Send to

Choose Destination
J Adolesc Health. 1993 Jul;14(5):384-9.

An experimental test of adolescents' compliance with dental appointments.

Author information

Department of Oral Health Practice, College of Dentistry, University of Kentucky, Lexington.


This study assessed factors associated with adolescents' compliance with dental appointments. Patients (n = 162) attending an adolescent clinic were administered a pretest questionnaire assessing health locus of control, self-esteem, and beliefs and attitudes about dental health from the Health Belief Model. Adolescents needing dental care were randomly assigned to groups for whom their dental appointment was made by a health professional or one in which the patient made his or her own appointment and to groups receiving an appointment reminder card versus not receiving a reminder card. Dental records were then reviewed to examine previous experiences with dental treatment. Neither the method used for making the appointment nor the use of reminder cards had a significant effect on compliance with the dental appointments. Also, compliance was not associated with health locus of control, self-esteem, or variables from the Health Belief Model. Older patients were more noncompliant than younger patients (tau = 0.14). Noncompliance was negatively correlated with the number of previous dental visits and previous dental procedures, oral hygiene instruction, and x-rays. Number of previous x-rays and previous broken appointments explained 5.1% of the variation in noncompliance. The Health Belief Model was not successful in predicting compliance behavior in this sample of adolescents.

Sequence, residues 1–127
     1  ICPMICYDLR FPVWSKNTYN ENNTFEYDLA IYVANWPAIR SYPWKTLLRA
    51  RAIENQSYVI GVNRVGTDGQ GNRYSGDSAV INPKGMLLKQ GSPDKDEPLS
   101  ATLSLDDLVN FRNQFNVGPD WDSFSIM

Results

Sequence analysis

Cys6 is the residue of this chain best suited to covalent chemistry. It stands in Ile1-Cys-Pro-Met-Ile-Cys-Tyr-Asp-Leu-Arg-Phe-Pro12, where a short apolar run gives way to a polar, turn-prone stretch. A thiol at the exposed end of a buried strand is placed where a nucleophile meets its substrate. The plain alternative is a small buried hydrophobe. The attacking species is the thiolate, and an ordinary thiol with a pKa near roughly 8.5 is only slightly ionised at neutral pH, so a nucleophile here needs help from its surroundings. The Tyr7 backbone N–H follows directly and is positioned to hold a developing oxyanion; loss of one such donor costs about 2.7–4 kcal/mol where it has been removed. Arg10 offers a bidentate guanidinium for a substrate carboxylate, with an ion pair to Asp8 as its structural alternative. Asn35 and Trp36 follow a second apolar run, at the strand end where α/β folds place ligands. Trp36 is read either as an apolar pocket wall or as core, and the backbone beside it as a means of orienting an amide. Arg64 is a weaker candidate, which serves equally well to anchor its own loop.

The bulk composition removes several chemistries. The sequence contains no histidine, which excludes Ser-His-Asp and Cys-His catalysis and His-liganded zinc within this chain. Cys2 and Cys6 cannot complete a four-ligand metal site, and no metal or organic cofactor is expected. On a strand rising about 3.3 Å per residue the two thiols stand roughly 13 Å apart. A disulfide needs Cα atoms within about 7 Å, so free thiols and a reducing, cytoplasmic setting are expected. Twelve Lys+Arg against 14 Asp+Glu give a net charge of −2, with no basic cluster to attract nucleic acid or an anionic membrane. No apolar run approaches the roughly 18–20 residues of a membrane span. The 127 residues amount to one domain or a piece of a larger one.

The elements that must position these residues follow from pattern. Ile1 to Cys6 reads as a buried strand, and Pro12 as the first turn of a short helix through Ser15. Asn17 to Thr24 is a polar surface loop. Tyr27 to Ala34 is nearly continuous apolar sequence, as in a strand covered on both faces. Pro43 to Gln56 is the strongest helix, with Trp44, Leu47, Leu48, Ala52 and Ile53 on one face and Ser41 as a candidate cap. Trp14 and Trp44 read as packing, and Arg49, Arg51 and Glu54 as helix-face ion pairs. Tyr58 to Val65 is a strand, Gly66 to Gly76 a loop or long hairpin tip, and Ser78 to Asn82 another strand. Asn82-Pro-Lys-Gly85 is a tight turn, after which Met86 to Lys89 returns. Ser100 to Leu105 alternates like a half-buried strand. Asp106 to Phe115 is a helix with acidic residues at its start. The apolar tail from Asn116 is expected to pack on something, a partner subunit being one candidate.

[Indexed for MEDLINE]

Supplemental Content

Full text links

Icon for Elsevier Science
Loading ...
Support Center